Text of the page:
Imagine while driving home in a telematics-enabled electric car, you, as a consumer of insurance, speak to the vehicle informatics system to disarm the home burglar alarm, open the home’s garage door, turn on the lights, lower the shades, unlock the doors and adjust the thermostat to make the home comfortable for the evening. Imagine as well that the car docks in the homeowner’s garage for recharging and communicates with the home that it has arrived.
When entering the home, you use voice commands on Alexa to shut the garage door, get the news, check on the status of a claim and listen to music. While cooking, the refrigerator keeps tracks of household meal needs. And if dinner gets burned during meal preparation, the homeowner once again uses voice commands to tell the smoke alarms to ignore the kitchen smoke.
During the meal, the doorbell rings, and the picture and voice of a person at the door appears on the insured’s cellphone for response. Not wanting to speak to the person at dinnertime, the homeowner sends the caller away. After dinner, you browse the internet on a smart TV, order a movie, get sleepy and head off to bed.
At bedtime, you use voice commands to turn off the TV and lights, engage the alarm, check on the thermostat temperature, and view the status of home systems such as heating or cooling and the solar panel battery backup for optimal functioning. Before dozing off, you check the mobile for the total steps accrued on your wearable during the day.
These “futuristic” scenarios are here today in the form of Internet of Things (IoT) that control many types of connected devices available in the marketplace. Right now, data from sensors and internet enabled devices is empowering an insured person's control over their smart home, vehicle and personal health. The value and benefit to the insured is easily seen, but imagine the value of the data from all these interactions to insurance companies to better understand and service the customer, as well as to better assess insured risk.
Several insurance companies are leveraging IoT devices and data including:
- Amazon Echo, Google Nest use for billing, claims status, quoting, finding an agent and risk messaging
- Remote Access Security to provide specialized home protection services, including access to property protection and, 24/7 professional monitoring against intrusion, fire, smoke, flood, and carbon monoxide
- Telematics offerings that provide auto discounts and driver risk messaging
- Wearable Devices to provide insureds incentives to stay fit as part of their life insurance progra
- Drones for property damage assessment and pricing
- Connected Toothbrushes for dental health
- Connected Doorbells for security discounts
While many insurers are offering more sophisticated and mature vehicle IoT through telematics programs, the home and personal health programs continue to develop. Once these insurance programs advance and mature, insurance companies will realize significant value from the data as it becomes part of their total data fabric.
Granted, the profitability of IoT has yet to been fully proven out—and there are privacy concerns and risks that will need to be addressed—but the future will offer a complete data continuum of the insured's behavior and risks that has great business and analytic potential for carriers.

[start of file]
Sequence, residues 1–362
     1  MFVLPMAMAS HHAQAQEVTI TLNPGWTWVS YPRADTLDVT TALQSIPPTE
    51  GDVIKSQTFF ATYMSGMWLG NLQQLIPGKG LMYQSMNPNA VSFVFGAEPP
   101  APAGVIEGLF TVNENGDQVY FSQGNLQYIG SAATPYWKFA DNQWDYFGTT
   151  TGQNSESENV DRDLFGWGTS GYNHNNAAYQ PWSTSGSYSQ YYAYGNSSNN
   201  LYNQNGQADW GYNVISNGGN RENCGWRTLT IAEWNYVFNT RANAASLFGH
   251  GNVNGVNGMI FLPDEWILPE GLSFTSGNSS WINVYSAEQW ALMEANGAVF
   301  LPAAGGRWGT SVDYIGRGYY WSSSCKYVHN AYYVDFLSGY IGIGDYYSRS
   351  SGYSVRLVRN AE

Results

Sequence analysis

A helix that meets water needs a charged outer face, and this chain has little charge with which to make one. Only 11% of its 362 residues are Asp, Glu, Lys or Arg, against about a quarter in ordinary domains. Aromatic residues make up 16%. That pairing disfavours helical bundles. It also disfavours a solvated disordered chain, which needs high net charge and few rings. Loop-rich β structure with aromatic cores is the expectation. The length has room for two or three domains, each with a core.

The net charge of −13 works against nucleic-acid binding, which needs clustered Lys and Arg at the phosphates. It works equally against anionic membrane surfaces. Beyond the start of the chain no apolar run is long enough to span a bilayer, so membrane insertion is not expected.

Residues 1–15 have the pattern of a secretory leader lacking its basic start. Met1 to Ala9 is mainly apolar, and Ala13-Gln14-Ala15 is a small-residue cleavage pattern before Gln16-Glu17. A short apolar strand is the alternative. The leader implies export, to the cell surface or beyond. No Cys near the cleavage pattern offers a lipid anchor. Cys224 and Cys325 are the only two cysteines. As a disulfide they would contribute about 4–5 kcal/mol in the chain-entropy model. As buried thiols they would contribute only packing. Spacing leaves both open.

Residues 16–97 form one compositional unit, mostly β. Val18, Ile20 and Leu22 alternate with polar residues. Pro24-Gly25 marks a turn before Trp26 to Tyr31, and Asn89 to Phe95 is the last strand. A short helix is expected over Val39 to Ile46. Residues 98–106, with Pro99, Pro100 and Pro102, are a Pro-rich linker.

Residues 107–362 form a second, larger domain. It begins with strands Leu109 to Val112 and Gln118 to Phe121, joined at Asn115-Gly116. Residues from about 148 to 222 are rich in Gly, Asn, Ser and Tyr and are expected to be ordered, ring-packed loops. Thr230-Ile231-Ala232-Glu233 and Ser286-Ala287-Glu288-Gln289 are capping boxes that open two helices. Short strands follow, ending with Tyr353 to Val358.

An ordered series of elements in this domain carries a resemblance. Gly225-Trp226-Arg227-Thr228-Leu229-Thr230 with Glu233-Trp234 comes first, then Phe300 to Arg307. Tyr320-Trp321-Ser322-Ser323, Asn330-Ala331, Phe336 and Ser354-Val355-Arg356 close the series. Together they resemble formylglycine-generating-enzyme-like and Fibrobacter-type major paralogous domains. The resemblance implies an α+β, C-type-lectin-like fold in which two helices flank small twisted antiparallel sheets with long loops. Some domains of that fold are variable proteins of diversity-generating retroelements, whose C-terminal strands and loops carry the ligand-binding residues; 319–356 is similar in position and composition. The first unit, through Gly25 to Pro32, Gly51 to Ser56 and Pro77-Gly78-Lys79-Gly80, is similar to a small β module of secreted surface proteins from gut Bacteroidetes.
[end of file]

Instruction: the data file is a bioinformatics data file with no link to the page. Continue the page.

IoT enables insurers to:
- Further refine customer understanding and segmentation with lifestyle information coming out of the connected vehicle, home and personal fitness wearables
- Increase customer contact opportunities to build better relationships that drive higher Net Promoter Scores, levels of satisfaction and lifetime value
- Better risk exposure accuracy with streaming IoT data for improvements to the bottom line
- Offer new customer services through better customer insight on chatbots
- Provide real-time warnings and risk messaging to homeowners when connected home systems detect water leakage from a hot water tank, insufficient temperatures during winter cold snaps, or high carbon monoxide levels
- Provide faster claims handling with drones in catastrophes reducing costs, losses and lawsuits from insureds due to slow claims handling
- Provide real world loss detail for claim investigation and resolution
- Reduce early mortality losses for life insurance policies through connected fitness devices
With 23.14 billion devices enabled now and predictions of as many as 74.4 billion devices by 2025 (source: Statistia.com), the digital change and the value of new data will significantly change the insurance industry.
The key is making all the IoT and traditional insurance data available on a cohesive and flexible analytic platform that allows one query to pull results from diverse data sets. Fortunately, data and analytic systems such as Hadoop, discovery analytics and traditional data warehousing in the cloud and in insurance data centers offer a unified analytic architecture to enable analytic insights from a diverse data fabric including varied data structures.
Couple the unified analytic architecture with advances in artificial intelligence including machine learning, the insurance industry will be able to derive valuable data insight never seen before, more advanced predictive / prescriptive capability of insured service and insurance needs as well as potential loss risks, and automation of rich insured messaging, claims handling, and differentiated services.
As was seen with automobile telematics, a “get there first” mentality enables carriers to potentially avoid adverse selection, increase customer satisfaction, and increase its competitiveness in the marketplace. Will your company be first in line to reap the evolving benefits of IoT?
Dig deeper! Learn about how Teradata is helping some of the largest insurance companies in the world compete on analytics, and IoT.